Irene: How did you start cooking? Did you cook as a child? Where did you learn to cook? Do you have a funny story while learning to cook that you can relate to?

Valerie: I would love to say that I learned how to cook from my mother and grandmother, but fortunately this is not true. My mother and grandmother had absolutely no talents in the kitchen, probably because they always cook to do it for them. The only foods my mother knew how to cook were roast beef, turkey, and roast lamb chops. Those were the days when all the fat was left on monkeys and formed a scab. We not only ate the top fat from the meat and between the bones of the chops; we enjoy it. And the trick was to eat the turkey and the meat before the sauce was poured over it and solidified into a hard white mass.

We had a German cook for many years. My parents traveled a lot and left me in their care. The kitchen was a sultry wonderland of chocolate, custard, and veal which she delicately dipped in beaten eggs and then homemade breadcrumbs before frying into a golden brown delicacy she called Wiener Schnitzel which she served with French fries and buttered noodles. . Elizabeth never used an electric mixer, but beat the butter, sugar, and egg whites by hand to make her 6-Layer German Doboschtorte, Viennese Rich Chocolate Sachartorte, and Hungarian Caramel Cake. She was my first culinary mentor and her recipes appear in my first cookbook, The New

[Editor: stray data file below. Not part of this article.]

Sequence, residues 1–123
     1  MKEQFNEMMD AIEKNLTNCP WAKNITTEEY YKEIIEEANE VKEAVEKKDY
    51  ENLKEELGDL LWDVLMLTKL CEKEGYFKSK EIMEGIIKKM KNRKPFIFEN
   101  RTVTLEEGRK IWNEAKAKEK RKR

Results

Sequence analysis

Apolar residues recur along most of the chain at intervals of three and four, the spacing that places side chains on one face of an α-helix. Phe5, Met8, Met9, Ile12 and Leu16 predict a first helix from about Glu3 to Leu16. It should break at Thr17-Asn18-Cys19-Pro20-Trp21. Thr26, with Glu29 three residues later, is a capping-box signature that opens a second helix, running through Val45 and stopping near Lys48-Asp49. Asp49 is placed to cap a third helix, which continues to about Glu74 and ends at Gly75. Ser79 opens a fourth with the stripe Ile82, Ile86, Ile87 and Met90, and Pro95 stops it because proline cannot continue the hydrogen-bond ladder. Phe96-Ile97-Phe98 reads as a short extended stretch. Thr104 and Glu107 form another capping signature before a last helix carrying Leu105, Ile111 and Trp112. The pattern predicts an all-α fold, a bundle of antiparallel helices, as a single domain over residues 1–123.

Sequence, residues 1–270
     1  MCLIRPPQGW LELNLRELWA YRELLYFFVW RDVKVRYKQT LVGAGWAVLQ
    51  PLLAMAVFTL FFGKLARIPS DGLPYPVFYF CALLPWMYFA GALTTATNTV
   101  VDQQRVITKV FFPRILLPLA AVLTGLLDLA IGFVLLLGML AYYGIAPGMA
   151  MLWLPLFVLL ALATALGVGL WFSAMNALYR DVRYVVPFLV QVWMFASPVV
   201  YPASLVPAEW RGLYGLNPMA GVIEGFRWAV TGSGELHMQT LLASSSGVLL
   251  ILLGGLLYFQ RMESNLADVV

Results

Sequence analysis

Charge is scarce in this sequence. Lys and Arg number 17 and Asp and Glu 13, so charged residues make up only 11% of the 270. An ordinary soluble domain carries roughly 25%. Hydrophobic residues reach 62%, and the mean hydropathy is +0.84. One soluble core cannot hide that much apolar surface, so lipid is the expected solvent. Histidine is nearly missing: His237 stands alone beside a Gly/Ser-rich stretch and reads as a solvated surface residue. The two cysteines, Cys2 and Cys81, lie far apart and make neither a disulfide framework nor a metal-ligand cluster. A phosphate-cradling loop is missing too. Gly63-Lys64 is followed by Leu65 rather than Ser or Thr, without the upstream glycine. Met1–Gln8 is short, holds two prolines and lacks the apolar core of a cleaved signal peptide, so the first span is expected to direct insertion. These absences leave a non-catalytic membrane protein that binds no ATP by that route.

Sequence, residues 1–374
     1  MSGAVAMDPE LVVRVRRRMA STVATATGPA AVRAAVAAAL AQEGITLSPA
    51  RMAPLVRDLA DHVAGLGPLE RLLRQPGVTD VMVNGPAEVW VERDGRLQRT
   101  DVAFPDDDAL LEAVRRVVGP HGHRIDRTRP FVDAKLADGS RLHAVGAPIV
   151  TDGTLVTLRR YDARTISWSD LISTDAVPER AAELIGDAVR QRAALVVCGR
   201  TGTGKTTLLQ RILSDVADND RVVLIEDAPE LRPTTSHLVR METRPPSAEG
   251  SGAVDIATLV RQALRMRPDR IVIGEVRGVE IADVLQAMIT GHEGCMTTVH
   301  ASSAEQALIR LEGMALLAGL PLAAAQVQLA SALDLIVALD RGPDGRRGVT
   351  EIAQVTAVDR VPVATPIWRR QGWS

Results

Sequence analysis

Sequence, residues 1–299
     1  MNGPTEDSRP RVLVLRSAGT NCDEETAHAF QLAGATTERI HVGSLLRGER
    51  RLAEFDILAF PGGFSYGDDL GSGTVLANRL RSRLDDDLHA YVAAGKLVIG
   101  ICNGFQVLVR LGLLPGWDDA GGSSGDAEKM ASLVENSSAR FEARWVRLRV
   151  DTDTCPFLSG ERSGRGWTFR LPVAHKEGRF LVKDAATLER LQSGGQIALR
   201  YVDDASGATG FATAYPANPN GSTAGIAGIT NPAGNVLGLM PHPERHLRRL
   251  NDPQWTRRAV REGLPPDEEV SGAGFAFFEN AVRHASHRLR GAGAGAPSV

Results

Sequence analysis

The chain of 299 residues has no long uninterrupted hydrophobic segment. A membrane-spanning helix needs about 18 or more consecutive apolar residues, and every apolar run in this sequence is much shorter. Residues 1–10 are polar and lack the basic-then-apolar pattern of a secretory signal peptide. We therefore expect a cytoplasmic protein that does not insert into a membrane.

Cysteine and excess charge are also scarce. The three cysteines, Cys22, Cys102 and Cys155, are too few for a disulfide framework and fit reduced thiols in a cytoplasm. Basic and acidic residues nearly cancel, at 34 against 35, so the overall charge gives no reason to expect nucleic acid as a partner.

Traditional cookbook.

Irene: I see in your biography that you aspired to be an opera singer, but you ended up in a career as a gastronomic writer and then a career in cooking. Are there times when you would like to turn the pages and pursue a singing career?